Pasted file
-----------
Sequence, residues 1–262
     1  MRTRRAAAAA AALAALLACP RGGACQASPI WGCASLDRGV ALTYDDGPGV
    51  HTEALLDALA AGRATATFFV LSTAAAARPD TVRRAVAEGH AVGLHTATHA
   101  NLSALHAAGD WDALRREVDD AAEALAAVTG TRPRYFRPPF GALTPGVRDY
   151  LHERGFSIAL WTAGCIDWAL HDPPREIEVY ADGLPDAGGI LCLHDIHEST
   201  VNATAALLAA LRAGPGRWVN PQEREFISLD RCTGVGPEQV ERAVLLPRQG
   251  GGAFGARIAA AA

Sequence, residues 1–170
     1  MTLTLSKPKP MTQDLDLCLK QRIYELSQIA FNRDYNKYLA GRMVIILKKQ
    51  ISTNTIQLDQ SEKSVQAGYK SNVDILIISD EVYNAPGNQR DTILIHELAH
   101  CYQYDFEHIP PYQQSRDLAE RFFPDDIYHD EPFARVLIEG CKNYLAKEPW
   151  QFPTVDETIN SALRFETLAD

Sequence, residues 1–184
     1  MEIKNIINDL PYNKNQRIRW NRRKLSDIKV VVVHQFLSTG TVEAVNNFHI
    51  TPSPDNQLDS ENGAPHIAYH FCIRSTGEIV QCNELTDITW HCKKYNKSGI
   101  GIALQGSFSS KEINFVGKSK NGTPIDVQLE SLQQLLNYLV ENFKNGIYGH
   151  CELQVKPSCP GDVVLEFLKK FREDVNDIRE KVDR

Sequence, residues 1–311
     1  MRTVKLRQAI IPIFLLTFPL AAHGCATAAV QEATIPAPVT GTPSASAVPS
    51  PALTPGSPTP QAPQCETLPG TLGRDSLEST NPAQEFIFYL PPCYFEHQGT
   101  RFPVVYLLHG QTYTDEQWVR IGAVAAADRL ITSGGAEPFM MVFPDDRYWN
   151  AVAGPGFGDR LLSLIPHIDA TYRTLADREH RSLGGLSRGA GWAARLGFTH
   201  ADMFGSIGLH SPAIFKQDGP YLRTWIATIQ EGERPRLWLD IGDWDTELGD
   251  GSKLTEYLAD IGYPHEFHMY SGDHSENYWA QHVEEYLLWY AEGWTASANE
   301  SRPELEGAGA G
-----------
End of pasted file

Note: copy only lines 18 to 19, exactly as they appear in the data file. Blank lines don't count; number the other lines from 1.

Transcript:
Sequence, residues 1–311
     1  MRTVKLRQAI IPIFLLTFPL AAHGCATAAV QEATIPAPVT GTPSASAVPS